David Akoubian is a professional nature photographer and a longtime resident of Georgia. He has been photographing professionally since 1992, and conducts workshops around the U.S. and Iceland. For more details on David and his workshops, check out his website at www.bearwoodsphotography.com. He is also active on social media sites like Facebook and Instagram.
By Lee Friedman.
This year, aside from all the wonderful speakers each chapter brings to our members, we are augmenting them with a new set of speakers we recruited. These speakers are nationally known and award winning nature photographer. They come by special invitation for the benefit of our members. We have established a schedule for the entire year, bringing our members at least one of these speakers each month. Here is the schedule:
||Lightroom New Masking and Selection Tools
||Photographing Wildlife Both Near and Far
||The Art of Flower Portraiture
||Creative Bird Photography
||Macro Photography 101: How Macro Photography Can Change Your Perception of the World Around You
||Painting with Cameras
||Nature Photography along the Chattahoochee River
||Getting Creative with Motion and Multiples
||Black Oystercatchers (a Pacific coast shorebird and species of special concern)
||Is Your Flower Photography Boring, Let Me Help You
Watch for these speaker announcements each month on Meetup and on the Members page for registration. They are for members only as an added benefit of GNPA membership.
Not a member? Click here to learn more about joining GNPA!
By John Mariana
From my perspective, successful nature photography is comprised of two very different elements. Understanding the role that each one plays in the process is critical. Capturing the photo is clearly important, but so is our thought process for presenting that image.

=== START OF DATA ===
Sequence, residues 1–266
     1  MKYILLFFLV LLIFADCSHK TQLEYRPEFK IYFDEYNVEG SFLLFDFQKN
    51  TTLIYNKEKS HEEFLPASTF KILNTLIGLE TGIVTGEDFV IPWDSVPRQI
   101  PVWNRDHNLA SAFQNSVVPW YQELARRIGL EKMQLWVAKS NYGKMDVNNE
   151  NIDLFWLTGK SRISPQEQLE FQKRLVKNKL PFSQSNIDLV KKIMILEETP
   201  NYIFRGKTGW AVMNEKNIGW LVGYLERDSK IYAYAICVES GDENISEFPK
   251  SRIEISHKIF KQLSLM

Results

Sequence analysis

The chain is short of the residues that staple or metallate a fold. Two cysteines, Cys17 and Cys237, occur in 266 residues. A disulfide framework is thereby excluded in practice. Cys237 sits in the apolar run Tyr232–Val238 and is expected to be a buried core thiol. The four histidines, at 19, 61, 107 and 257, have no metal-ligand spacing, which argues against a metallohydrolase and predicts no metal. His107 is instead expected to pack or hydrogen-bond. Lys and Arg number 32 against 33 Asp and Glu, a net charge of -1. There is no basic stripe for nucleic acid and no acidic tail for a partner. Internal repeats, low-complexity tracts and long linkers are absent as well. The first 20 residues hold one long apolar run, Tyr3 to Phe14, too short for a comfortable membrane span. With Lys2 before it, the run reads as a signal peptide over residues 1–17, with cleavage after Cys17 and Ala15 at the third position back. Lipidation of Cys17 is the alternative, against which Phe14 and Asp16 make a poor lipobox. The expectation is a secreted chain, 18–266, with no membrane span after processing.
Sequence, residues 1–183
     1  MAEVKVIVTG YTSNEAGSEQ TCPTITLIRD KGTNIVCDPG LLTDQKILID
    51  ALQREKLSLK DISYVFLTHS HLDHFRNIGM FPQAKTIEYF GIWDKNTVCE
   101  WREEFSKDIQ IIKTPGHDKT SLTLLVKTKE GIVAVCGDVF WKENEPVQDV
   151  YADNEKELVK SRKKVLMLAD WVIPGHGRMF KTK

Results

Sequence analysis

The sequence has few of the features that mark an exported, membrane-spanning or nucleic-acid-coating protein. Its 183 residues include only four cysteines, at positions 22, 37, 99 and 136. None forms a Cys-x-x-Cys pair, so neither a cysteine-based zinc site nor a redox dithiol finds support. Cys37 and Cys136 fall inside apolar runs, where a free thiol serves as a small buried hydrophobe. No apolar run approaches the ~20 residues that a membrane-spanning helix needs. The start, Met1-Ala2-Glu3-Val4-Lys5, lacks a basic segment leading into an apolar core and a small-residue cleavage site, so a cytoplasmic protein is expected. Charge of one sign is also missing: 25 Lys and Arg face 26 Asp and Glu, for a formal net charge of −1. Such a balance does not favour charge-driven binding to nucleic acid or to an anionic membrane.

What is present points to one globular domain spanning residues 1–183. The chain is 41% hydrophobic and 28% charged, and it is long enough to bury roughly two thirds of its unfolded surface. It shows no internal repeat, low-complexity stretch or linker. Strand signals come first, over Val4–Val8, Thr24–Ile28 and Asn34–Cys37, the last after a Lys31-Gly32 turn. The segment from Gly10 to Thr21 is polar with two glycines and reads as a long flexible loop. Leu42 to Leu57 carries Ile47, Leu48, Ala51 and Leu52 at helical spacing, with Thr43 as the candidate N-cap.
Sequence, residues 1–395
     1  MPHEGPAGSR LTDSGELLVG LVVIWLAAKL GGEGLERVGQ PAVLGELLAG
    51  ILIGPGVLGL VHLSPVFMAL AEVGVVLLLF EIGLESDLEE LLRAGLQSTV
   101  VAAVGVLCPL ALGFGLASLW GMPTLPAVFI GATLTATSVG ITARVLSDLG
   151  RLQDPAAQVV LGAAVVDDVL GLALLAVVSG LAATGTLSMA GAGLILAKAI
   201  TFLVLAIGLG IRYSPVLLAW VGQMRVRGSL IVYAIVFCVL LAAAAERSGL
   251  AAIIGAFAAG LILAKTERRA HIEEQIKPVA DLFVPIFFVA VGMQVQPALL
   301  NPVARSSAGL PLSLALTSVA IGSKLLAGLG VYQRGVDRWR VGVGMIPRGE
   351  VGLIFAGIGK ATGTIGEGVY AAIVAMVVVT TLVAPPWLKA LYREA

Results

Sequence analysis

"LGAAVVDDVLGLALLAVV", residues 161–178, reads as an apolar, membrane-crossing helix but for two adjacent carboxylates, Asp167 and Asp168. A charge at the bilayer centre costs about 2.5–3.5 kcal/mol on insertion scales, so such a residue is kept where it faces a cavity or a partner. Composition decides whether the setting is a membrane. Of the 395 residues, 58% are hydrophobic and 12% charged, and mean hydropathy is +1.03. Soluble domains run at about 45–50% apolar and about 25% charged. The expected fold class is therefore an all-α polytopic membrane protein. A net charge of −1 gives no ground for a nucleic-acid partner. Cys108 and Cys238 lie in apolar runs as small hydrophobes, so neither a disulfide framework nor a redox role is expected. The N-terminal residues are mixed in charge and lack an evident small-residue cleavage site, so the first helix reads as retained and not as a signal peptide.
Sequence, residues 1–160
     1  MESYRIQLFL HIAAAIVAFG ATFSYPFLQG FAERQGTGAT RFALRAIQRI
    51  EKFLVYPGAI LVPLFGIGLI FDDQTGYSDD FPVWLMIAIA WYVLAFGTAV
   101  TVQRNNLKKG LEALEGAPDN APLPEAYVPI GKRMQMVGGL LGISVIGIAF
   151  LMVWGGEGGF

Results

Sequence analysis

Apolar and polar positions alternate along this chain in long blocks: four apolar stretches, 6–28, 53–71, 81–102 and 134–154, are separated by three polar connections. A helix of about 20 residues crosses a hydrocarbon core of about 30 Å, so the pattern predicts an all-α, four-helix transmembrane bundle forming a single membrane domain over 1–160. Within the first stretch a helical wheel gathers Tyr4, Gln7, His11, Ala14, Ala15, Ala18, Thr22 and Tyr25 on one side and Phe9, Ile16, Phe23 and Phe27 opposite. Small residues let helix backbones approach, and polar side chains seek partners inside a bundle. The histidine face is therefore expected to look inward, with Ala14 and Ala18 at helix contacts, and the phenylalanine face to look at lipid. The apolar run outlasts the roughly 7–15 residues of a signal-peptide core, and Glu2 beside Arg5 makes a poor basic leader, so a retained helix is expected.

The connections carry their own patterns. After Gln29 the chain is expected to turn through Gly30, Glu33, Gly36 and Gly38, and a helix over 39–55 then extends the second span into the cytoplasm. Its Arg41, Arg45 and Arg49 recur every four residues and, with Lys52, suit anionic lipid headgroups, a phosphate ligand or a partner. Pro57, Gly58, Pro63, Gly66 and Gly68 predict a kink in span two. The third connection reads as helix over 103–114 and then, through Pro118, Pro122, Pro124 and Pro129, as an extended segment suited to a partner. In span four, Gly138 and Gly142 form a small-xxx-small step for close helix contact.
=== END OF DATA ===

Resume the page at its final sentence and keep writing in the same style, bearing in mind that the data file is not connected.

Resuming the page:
The camera, of course, is only a tool. Yes, it is the tool we use to capture nature images, but the tool itself does not create the image or provide the final presentation. Our own in-the-field experiences, our training in composition and the understanding of the elements of “good images” are the critical aspects for the capture. Composition, special light, depth of field, shutter speed and good exposure represent the craft of the capture. These should become second nature to you, so when a special nature opportunity presents itself, you are prepared to capture it.
Capturing moving animals and birds in flight requires good depth of field as well as a fast shutter speed to freeze the action. For flying birds, I typically use f11 at 1,000th of a second to capture sharp details from wing tip to wing tip. I will try to focus on the eye and use focus tracking for multiple captures as the bird or animal is moving. Also, I always shoot images in raw format. You can capture both raw and jpeg images simultaneously, but those raw images will provide many more pixels. And those extra pixels will give you the ability to crop the image and still produce quality prints.
Positioning yourself is also critical, but too often overlooked. Locate a position where the background is simple, distant, or shows an environment that brings special meaning to the capture. Then you are prepared.